The True F ace Of Sri Lanka's War-
15 Aug 2013--By Shelley MorrisTamil asylum seekers who arrive inAustralia by boat are in many cases thelucky ones - many who suffer cannotleave, as these photographs fromShelley Morris show. Warning: graphicimages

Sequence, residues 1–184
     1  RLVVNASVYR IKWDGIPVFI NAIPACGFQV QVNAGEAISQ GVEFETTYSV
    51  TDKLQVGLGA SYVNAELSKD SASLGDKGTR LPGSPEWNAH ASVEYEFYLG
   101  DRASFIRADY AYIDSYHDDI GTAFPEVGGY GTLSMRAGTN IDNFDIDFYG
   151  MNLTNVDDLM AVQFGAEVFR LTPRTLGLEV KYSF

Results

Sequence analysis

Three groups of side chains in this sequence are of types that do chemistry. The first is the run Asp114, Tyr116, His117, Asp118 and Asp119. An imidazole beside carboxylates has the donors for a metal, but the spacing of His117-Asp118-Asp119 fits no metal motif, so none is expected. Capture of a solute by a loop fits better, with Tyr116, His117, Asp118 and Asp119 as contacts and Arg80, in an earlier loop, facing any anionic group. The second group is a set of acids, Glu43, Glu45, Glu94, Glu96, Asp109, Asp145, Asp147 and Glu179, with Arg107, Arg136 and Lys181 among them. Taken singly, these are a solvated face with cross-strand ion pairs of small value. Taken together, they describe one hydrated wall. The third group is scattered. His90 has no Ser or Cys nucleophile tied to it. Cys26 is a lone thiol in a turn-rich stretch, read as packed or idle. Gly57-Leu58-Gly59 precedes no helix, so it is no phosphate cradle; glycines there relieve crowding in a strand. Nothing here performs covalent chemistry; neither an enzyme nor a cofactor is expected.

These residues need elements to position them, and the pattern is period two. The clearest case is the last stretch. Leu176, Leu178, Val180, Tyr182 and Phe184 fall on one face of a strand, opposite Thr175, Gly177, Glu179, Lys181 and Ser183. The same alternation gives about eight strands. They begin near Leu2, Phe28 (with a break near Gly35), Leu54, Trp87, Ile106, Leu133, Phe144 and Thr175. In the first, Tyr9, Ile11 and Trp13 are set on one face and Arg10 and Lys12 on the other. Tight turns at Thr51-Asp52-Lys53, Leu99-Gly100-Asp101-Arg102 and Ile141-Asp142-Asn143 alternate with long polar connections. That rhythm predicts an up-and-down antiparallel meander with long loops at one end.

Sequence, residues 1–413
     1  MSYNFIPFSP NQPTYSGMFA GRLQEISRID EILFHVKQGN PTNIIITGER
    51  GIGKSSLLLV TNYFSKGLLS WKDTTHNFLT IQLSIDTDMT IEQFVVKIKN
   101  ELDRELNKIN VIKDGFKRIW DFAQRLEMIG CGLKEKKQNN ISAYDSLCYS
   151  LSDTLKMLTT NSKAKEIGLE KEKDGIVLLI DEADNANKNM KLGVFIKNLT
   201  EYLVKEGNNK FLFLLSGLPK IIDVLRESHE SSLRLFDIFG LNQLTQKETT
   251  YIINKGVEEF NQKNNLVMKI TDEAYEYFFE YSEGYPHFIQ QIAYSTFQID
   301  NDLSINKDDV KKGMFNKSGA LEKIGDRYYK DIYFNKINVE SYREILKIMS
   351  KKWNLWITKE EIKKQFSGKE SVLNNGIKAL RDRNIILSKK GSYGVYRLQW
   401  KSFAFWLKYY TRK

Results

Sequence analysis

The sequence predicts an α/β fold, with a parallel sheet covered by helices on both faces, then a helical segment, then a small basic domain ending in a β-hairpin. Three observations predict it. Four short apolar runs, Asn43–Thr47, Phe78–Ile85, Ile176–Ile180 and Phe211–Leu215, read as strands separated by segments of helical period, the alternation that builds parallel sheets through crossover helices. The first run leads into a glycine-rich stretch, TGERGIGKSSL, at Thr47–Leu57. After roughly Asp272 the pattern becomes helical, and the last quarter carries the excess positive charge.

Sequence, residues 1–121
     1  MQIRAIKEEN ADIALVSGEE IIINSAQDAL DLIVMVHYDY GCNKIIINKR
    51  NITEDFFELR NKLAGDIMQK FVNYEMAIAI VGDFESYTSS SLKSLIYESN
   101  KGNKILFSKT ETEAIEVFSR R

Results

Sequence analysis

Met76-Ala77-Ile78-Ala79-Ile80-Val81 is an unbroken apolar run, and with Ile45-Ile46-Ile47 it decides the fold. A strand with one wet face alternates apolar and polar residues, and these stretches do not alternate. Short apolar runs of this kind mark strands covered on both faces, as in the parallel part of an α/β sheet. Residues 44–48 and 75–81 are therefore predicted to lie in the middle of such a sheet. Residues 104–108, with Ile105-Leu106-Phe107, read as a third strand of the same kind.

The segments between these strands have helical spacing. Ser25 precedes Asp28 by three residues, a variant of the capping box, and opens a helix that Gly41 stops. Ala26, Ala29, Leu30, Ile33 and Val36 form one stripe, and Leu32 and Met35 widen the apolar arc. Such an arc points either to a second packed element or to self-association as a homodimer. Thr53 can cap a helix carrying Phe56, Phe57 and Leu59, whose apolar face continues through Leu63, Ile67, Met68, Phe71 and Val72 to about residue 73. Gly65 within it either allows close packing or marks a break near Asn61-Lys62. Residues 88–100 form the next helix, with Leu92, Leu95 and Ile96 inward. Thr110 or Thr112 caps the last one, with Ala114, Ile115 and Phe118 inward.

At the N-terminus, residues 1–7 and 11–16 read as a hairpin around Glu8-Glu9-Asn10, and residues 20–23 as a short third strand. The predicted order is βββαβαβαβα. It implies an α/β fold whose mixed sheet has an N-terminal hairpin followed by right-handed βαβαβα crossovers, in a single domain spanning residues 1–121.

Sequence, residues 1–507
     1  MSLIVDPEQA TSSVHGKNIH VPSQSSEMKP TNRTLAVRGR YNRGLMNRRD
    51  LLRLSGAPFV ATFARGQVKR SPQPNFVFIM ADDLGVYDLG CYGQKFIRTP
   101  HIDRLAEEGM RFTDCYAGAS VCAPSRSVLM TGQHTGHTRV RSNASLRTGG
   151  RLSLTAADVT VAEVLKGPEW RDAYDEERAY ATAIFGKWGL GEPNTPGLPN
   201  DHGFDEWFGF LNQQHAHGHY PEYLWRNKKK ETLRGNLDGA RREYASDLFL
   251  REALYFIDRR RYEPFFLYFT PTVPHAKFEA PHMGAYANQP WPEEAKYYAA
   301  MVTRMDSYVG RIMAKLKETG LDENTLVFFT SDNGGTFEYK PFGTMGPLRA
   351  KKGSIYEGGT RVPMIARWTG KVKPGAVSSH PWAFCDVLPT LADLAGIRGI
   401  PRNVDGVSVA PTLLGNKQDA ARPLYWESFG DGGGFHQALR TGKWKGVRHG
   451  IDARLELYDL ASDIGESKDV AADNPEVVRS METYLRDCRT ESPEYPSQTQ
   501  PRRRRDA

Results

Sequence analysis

Despite the armed conflict finishing in 2009,the humanitarian situation in Sri Lankaremains grim, and human rights abusescontinue. The government of Sri Lanka hasdone little to promote reconciliation andrehabilitation and bring about justice forvictims. Both the Sri Lankan Government andthe Australian Government paint anoptimistic picture of the current situation innorth Sri Lanka. The reality is much different.It had been almost three years since I hadfirst visited north Sri Lanka, at which time thewar had only recently finished. I was unsurewhat to expect this time. Extensive development has been widelypublicised by the government and applauded as an indication of restorationbeing implemented throughout the North.It was when I travelled to the interior that I started to see and hear thestories of what life is really like for the majority of Tamil people. Thecarnage left behind after such a brutal war is horrific, and three years on,severe psychological trauma is vast and pervasive. These images show the legacy of a war where safe zones were routinelytargeted, where bloody battles took place right in the midst of homes andlives, and where the civilian sacrifice was significant. It uncovers theeveryday struggle of living with agonising disfigurement, harrowingmemories and departed loved ones.CHOGM being held in Sri Lanka in November suggests that the internationalcommunity, Australia included, is looking the other way and turning a blindeye to the war crimes committed by the government.